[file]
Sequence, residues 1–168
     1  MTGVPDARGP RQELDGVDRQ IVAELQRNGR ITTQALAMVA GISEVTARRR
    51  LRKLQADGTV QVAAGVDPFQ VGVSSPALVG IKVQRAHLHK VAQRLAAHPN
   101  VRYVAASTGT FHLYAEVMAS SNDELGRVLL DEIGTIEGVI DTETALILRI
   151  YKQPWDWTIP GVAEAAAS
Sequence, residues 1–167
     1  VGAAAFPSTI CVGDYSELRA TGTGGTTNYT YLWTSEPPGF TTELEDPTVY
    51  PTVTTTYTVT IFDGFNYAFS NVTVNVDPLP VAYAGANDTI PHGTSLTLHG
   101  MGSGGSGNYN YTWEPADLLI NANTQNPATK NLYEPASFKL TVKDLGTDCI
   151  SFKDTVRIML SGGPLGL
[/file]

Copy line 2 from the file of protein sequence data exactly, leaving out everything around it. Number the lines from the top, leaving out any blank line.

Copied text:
     1  MTGVPDARGP RQELDGVDRQ IVAELQRNGR ITTQALAMVA GISEVTARRR